2. For each observation, calculate ΔT (the difference between NLT and ANLT). Construct a graph and plot the 30 observed values for ΔT. Your graph may be one of various forms. Try different approaches. Pay attention to which is the dependent variable and which is the independent variable.

 3. Answer the following questions.

What is the "average" nighttime low based on?

What is the null hypothesis in this exercise?

After 30 days, what are your tentative conclusions based on the evidence you collected?

What analyses did you perform to arrive at your conclusions? Did you add the number of days of above normal, normal, and below-normal nighttime temperatures? Did you add all of the lower-than-normal ΔT's and all of the higher-than-normal ΔT's and compare the sums? Etc.?

What are the limitations of this exercise with respect to revealing change or stability?

How many days of observations of "weather" would we need to assess "climate?" How about 100 days? How about 1,000 days (2.7 years)? How about 10,000 days (27 years)? Could you work back in time?

What will you have actually measured if you did this for 10,000 days?

To learn more about widespread (global) climate change, could you enlist the help of college students at every North American university (or every university in the world)? --or every thinking citizen with a TV?

Do local TV meteorologists suspect that above-average nighttime low temperatures are a "fingerprint" of global warming? On a commercial TV station, what would prevent a meteorologist from explaining his/her interpretation of the science he/she reports daily?

Once again, why are we interested in nighttime low temperatures?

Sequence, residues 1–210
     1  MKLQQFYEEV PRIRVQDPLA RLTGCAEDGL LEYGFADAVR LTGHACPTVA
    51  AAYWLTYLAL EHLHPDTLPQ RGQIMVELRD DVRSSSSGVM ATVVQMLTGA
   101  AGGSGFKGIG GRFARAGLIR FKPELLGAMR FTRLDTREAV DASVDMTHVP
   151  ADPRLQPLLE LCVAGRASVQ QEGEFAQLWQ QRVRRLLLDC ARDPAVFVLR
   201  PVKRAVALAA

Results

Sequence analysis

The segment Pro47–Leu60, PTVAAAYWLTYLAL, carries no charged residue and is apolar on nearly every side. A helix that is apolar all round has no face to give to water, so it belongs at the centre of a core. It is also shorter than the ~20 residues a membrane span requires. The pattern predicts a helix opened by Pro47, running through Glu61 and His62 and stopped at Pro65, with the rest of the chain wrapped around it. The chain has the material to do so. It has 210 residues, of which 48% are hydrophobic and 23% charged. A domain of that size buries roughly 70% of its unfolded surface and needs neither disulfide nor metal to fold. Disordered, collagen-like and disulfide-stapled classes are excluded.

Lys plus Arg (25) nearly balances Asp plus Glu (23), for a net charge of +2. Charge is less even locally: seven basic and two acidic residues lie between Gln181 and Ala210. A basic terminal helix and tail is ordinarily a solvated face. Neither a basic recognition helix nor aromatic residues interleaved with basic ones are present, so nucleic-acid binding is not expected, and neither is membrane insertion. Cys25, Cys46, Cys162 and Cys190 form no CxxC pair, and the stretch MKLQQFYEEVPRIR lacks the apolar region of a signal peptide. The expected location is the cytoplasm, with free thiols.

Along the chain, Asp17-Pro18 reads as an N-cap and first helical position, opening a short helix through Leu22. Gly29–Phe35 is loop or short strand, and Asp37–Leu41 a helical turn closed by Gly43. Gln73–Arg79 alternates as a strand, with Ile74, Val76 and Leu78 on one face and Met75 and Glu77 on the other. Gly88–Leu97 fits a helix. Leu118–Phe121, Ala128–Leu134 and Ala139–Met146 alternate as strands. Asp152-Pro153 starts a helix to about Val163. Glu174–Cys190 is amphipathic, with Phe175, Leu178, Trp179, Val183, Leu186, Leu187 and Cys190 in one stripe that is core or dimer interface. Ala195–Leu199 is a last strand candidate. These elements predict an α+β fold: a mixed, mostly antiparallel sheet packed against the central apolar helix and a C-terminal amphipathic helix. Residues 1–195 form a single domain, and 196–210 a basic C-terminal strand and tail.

This Week's Post: Climate Change Homework Assignment

This weekly blog post and its host website cover a wide variety of Fred Montague's environmental commentaries, gardening topics, and wildlife/art activities.  Please browse the website and the blog archives for topics you are interested in. 

Climate Change Homework Assignment

Here's a topic for every fifth-grader's science fair project.  Or, if you are a "climate change skeptic" or if you would like to challenge your friends who are, this is a simple exercise.

Background:  We know that the Earth's pre-industrial atmosphere contained certain trace gases that absorb heat energy.  During the daytime, the sun warms half of the planet as it rotates on its axis.  At night, some of the absorbed warmth is reradiated back into space.  Without the atmosphere's greenhouse effect, all heat energy would be lost to space and the Earth would be very cold-- less than 32 degrees F.  Water would be frozen and life as we know it could not exist.

So, the natural greenhouse effect created by water vapor, carbon dioxide, and a few other gases keeps the Earth a comfortable temperature for the life that has evolved over the past 3 billion years.

Since the industrial era began in the 1800's, however, humans have enhanced the natural greenhouse effect by emitting billions of tons of carbon dioxide, and by land use practices (plowing, forest cutting) that limit the Earth's capacity to absorb (sequester) some of the released carbon dioxide.  As a consequence, the atmospheric greenhouse has become more and more effective in trapping re-radiated heat energy.  This brings us to the homework exercise.

The Assignment:  Since the atmospheric greenhouse works primarily at night, by absorbing some of the heat energy absorbed the preceding day, nighttime low temperatures are trending above average.  This warming trend becomes apparent to anyone who pays attention to their local weather reports. 

For the next 30 days, record your local nighttime low and the average nighttime low. 

The null hypothesis(for your science fair project) is 'the actual and the average nighttime lows will not be significantly different over the 30-day period.'

Note:  The average nighttime low for your area is based on a 30-year record, and it is updated every 5 years. You might have to find a weather information source that reports an "almanac" that gives nighttime low averages for that date.

If you believe 30 days is too few data points, try 60 days or 90 days or a year.  If you search the weather/climate records for the last 10 or 100 years, you won't have to collect your own current date.

TV and radio weather presenters know about this trend, but due to commercial considerations on commercial stations, never mention it.

Environmental Commentary: "Heading for the Cliff"

Here's another page from my sketchbook of graphical visualizations of environmental issues-- climate change again.